Israel's first female Sharia judge sworn in

By AFP
Published: May 15, 2017
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Israeli Muslim Hana Khatib, the first woman in Israel to be appointed by an Israeli justice committee to become a religious judge, or qadi, in the courts ruling on personal law for Muslims poses for a photo on May 15, 2017, during her swearing in ceremony at the President s Residence in Jerusalem. PHOTO: AFP

Israeli Muslim Hana Khatib, the first woman in Israel to be appointed by an Israeli justice committee to become a religious judge, or qadi, in the courts ruling on personal law for Muslims poses for a photo on May 15, 2017, during her swearing in ceremony at the President s Residence in Jerusalem. PHOTO: AFP

JERUSALEM: Israel on Monday swore in its first female judge to its Muslim religious court system, the first woman to preside in any religious court in the Jewish state.

Hana Khatib, an attorney from the northern town of Tamra, became a qadi, judge in arabic, in the Muslim court system that deals with personal law at a ceremony in the presidential residence in Jerusalem.

“This appointment and my success in achieving it is a success for the legal system and for women,” she said after the ceremony.

“We see that the Sharia system is kind to women and with this achievement we give them their rights.”

Israeli President Reuven Rivlin, who hosted the swearing-in ceremony, said he hoped the appointment would be a first step and that other courts, including Jewish ones, would follow suit.

“This is testament to the positive changes in the status of women,” he said. “I allow myself to express the hope that the appointment of the first female religious judge will be the first of many, not just in the Muslim community.”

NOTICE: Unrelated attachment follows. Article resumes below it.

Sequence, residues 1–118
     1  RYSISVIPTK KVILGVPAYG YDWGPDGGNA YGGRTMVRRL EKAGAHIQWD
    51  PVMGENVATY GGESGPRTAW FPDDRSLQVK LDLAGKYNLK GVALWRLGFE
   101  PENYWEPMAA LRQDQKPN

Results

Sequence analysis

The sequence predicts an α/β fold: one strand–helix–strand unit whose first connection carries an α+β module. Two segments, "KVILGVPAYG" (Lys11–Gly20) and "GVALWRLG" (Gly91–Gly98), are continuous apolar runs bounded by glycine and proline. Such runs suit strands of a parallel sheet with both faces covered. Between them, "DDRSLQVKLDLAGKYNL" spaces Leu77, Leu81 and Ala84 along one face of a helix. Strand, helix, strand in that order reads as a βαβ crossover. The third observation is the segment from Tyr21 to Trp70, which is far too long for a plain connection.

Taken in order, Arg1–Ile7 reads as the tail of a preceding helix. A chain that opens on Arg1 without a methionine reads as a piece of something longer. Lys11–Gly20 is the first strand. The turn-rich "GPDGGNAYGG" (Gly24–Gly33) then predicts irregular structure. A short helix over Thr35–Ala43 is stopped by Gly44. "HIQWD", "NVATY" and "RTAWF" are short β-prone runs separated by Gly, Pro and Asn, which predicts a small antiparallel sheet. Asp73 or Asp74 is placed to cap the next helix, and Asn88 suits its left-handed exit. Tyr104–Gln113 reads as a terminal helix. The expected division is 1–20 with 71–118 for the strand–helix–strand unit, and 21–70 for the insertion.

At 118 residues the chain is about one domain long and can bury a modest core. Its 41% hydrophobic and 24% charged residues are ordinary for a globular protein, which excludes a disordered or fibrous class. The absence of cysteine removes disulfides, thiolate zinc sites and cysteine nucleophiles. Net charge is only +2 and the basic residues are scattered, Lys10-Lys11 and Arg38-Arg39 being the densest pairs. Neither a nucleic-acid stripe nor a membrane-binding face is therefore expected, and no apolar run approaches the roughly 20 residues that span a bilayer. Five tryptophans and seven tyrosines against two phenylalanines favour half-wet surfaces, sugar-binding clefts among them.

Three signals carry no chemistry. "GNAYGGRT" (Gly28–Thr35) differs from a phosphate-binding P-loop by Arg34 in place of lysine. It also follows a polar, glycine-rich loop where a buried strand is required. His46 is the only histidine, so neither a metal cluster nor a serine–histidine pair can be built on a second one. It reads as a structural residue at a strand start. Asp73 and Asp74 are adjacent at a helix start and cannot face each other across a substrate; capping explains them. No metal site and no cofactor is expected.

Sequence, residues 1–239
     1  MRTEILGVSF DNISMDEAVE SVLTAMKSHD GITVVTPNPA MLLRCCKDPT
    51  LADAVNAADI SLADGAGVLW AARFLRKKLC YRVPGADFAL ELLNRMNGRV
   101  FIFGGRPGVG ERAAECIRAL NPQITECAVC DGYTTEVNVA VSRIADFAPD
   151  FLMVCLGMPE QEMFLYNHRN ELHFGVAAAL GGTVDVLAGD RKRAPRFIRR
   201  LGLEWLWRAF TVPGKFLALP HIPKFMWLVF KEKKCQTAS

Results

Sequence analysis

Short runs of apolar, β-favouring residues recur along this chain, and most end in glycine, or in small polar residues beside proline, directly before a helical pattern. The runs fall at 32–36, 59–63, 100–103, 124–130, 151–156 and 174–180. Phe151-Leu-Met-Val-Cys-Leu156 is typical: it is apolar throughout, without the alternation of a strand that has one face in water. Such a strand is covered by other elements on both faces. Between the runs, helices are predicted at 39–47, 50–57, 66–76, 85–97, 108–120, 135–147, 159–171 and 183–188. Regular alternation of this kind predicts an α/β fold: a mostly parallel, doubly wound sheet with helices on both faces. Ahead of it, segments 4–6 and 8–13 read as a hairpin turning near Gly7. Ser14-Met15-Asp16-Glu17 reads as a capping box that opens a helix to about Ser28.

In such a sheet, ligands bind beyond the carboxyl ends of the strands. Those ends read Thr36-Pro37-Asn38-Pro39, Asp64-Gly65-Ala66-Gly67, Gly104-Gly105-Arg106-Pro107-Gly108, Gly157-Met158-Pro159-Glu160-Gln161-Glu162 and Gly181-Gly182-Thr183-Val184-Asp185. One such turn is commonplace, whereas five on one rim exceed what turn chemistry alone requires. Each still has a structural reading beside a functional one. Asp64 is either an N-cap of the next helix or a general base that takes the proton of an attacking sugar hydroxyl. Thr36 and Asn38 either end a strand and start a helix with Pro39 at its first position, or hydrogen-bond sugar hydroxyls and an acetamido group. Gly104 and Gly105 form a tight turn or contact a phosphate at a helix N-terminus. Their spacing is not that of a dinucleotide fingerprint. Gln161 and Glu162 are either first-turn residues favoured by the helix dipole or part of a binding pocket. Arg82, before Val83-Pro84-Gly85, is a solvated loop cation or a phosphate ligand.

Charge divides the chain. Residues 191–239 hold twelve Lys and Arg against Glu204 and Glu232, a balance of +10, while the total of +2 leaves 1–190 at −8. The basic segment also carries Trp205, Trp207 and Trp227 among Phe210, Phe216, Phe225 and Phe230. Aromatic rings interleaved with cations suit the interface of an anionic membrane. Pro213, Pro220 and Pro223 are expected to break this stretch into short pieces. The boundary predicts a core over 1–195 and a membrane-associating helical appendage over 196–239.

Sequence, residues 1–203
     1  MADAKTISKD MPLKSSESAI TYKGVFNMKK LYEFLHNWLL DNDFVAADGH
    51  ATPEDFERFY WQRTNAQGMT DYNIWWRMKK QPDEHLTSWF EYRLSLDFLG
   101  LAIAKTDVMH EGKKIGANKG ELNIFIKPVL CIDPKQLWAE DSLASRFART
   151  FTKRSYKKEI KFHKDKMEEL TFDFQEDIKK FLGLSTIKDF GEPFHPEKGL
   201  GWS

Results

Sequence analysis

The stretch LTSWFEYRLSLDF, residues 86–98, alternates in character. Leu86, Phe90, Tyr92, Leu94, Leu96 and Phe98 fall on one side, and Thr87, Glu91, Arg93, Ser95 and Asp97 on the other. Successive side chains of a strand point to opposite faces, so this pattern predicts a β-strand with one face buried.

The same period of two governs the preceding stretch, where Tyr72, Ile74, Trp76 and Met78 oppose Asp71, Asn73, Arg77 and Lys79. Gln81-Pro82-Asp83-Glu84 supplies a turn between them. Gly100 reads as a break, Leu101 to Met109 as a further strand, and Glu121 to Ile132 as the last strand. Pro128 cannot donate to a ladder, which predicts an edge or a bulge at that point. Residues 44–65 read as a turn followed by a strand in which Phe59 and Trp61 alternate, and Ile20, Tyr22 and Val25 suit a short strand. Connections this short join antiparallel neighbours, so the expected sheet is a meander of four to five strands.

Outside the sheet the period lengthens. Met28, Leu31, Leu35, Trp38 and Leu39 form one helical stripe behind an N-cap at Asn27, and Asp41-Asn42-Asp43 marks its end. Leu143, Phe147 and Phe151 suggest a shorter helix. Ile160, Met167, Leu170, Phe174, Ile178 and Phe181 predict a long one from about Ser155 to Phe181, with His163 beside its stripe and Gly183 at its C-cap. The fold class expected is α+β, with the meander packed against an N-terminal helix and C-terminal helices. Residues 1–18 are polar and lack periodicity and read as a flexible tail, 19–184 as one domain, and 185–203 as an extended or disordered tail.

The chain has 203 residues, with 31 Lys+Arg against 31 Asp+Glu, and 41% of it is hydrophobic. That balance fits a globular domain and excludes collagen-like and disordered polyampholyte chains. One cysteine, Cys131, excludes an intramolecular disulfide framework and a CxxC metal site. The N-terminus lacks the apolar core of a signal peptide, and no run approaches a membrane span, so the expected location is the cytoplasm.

Justice Ministry Ayelet Shaked was also in attendance, as were a number of Arab Israeli parliamentarians and senior figures.

President of the Islamic Sharia Court Sheikh Abdel al-Hakim Samara also hailed the appointment, saying it would be the “first in a series” of women serving in religious courts.

In Israel, family law – divorce, marriage, endowments – falls under the jurisdiction of religious courts, and separate systems exist for the country’s different creeds.

Khatib holds a master’s degree in law and specialises in personal status, family law and Sharia law.

Her appointment brings to 18 the number of judges on the nine Islamic courts.

There are not many women qadis around the world. Two women serve as sharia judges in the neighbouring Palestinian Authority.

Making up around 18 per cent of Israel’s population, Arab Israelis are descended from Palestinians who remained on their land after Israel was established.

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